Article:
This week the UK’s MPs’ vote on a decision regarding mitochondrial gene therapy. You would think that the obvious rational decision should be “of course” because this is about making a dramatic change in the lives of those who might inherit a mitochondrial disease, which is passed on to children from mothers who possess mutations in the DNA of the mitochondria in their bodies’ cells. The Guardian has a nice little article that spells out the fantastic difference it will make …
An example is provided by one of Turnbull’s patients, Marie Austen from Sunderland. Her son, Adam, was diagnosed with mitochondrial disease that had damaged his heart, but before he could have a transplant he died two years ago, aged 13. “I wanted to see Adam grow up but that has been taken from me,” said Marie.
However, a solution for families like Austen’s is now a real prospect thanks to work pioneered by Turnbull and his colleagues. They have developed an IVF technique that involves taking an egg with healthy mitochondria from a donor female. Its main nuclear genes are then scooped out and replaced with those of a woman affected by mitochondrial disease but whose basic nuclear DNA is healthy. The egg is then fertilised using her partner’s sperm. In this way an embryo is created that has the central genes of the two parents but no longer carries the mutated mitochondrial DNA once carried by the mother. The technique is known as mitochondrial replacement.
This works, but it has never been done on humans yet, and so there is a vote this week to decide if this should be permitted. The obvious answer is “of course”, and so most Doctors give this a thumbs up, including a rather long list of Nobel Prize winners, so what’s the problem?
Basically two factors are in play, one is raw unadulterated fear rooted in scientific ignorance, and the other is religious superstition …
They say that using nuclear DNA from two parents and mitochondrial DNA of a third-party donor would create three-parent babies and that this represents a slippery slope to a “Frankenstein future”. At least 60 MPs have indicated their opposition while the Church of England says the vote is being rushed through parliament.
This claim brings Turnbull close to choking. “We have been working on this for 15 years. There have been scientific assessments, independent safety reviews, ethics reviews, and considerable public consultation. This has been an exemplary example of proper consultation and evidence-based policy – yet they say we are rushing things.
“They want us to delay this, which means the women I treat and who are affected by this disease will not have the chance to have healthy children while that goes on. It has been an intense process to get us to this stage. Who is to say if another government will have the will to go on with it?”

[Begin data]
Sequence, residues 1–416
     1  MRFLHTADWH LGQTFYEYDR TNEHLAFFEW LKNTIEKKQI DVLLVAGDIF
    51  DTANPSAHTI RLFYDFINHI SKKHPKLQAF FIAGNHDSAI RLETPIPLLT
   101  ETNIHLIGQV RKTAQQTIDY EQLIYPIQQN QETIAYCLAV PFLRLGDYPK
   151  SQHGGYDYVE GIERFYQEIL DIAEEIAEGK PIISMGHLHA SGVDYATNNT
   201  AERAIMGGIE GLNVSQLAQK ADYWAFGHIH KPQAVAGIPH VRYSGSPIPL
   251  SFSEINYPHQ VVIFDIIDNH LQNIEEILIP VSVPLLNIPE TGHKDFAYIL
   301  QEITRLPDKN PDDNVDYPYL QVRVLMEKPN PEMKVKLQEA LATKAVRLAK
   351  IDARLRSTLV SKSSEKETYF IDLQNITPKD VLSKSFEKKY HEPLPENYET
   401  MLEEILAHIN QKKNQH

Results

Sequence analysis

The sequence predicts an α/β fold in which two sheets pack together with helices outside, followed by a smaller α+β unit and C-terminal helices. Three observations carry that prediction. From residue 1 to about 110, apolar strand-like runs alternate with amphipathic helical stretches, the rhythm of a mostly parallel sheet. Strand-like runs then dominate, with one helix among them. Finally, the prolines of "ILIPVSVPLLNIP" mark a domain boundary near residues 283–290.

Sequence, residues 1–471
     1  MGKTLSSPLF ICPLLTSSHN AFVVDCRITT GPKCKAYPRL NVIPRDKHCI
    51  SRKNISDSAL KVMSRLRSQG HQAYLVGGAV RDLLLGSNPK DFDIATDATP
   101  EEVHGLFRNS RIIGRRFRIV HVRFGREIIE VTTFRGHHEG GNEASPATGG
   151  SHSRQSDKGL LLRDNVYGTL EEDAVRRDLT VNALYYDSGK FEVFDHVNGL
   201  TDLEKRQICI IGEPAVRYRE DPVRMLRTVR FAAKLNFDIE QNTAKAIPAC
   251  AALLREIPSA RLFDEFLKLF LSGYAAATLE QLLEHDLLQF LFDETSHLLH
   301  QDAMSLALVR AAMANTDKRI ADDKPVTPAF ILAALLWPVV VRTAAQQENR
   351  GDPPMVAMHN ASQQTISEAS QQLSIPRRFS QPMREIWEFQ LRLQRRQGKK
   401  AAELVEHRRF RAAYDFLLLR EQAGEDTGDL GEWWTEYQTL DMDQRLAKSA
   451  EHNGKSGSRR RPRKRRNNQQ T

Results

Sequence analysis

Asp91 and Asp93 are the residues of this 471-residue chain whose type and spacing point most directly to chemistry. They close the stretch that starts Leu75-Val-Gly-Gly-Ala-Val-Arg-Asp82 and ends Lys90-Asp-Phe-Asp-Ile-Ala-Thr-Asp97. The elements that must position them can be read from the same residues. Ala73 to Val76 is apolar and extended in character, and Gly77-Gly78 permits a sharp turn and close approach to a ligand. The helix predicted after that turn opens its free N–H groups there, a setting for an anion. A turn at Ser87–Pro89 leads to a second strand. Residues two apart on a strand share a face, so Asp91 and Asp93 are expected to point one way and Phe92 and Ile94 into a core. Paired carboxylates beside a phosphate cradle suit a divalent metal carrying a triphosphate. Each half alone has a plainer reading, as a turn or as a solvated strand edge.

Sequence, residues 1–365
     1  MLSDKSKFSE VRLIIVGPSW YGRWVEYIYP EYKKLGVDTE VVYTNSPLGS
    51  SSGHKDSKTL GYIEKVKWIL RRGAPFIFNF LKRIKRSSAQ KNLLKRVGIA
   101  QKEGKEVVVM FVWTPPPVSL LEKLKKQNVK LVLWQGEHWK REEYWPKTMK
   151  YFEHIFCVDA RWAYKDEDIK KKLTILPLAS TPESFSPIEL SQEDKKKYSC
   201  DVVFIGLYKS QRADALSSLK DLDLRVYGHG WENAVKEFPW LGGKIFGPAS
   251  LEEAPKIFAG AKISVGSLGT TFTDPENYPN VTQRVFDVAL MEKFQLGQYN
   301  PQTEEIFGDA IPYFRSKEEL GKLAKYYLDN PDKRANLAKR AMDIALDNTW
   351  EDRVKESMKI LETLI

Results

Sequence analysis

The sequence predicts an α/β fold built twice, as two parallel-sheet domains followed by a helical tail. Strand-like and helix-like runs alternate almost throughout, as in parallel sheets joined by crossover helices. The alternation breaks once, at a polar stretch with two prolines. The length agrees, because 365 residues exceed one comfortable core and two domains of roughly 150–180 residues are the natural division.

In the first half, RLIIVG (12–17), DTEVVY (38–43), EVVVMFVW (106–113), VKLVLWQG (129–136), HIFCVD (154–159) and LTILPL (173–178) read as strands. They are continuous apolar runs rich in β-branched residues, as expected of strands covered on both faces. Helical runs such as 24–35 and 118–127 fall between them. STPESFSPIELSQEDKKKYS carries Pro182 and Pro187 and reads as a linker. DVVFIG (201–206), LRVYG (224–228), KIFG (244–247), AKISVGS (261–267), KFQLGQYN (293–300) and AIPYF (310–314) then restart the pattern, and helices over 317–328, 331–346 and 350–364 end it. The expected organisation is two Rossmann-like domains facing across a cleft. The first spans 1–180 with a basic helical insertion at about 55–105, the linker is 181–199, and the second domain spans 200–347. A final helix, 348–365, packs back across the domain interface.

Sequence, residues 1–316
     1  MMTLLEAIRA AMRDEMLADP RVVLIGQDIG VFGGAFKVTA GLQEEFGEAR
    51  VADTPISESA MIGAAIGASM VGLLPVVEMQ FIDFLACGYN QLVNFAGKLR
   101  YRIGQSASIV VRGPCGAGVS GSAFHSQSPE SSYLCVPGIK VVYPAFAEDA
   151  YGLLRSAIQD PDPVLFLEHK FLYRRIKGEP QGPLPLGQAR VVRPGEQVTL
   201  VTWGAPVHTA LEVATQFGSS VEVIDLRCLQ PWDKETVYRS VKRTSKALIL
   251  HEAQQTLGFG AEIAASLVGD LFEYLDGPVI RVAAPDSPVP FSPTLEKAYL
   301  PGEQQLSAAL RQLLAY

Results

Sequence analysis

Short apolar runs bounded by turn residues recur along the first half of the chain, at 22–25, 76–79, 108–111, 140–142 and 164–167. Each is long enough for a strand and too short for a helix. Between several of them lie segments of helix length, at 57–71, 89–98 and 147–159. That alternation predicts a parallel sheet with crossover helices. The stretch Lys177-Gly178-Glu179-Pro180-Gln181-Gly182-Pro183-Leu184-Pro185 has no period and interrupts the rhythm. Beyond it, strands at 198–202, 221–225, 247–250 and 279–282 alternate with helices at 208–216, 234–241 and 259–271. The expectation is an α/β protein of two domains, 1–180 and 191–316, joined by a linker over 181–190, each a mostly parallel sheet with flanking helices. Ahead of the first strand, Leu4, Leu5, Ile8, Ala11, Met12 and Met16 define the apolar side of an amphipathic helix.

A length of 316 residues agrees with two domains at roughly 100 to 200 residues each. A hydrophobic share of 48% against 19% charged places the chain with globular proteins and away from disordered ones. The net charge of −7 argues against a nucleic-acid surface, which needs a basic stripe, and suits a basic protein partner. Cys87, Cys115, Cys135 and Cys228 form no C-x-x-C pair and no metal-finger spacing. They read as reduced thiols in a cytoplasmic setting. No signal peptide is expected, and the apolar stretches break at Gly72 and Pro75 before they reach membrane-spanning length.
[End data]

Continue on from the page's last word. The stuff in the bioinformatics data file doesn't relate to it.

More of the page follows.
Alison Murdoch, professor of reproductive medicine at Newcastle University, says: “The people who oppose this work are much better organised than the people that actually need the treatment.
“They say around 30% of the population is against this kind of medical intervention. But when you actually sit down with a group of people and explain what you want to do, they all say the same thing: why not?”
How is it that the Church of England gets to interfere like this?
Well basically because we still have a collection a dusty ignorant bishops in the house of lords, and a tabloid media that indulges in fear-mongering. So on what basis do we have bishops in a position that empowers them to keep us in the victorian era and refuse to permit us to progress? The only criteria they have for being there is that they have an imaginary friend whom they consider to be quite real, and rather a lot of people pander to this and play along with it for cultural reasons.
We might indeed be tempted to point to other nation states where Islamic Mullahs interfere and impose a religious theocracy that oppresses modernity, progress, and liberty, but before we do that too many times, we should not forget that we are not too different, we also still retain the head of a religion as head of state, and empower clerics to interfere in the day to day running of the state. Granted such powers have been greatly moderated and those who wield such power often do act in a moderate and rational way, but not always as is the case here.
Two things need to happen
- The free vote on Tuesday needs to be one that is evidence based and not fear based or religious based. If it is, then that will yield the right result
- It is time to retire our theocratic democracy, retire the guys with imaginary friends from the house of lords and move towards a fully elected second chamber
The elimination of genetically inherited diseases means that successive generations will not carry the genes … how exactly is this a bad idea in any ethical or moral framework I truly struggle to grasp.
One further observation … the big objection that the Church of England raises is the concept of children being children of three genetic parents.
In that context, remind me again what they claim regarding Jesus … a guy with supposedly three parents, and is also supposedly three in one.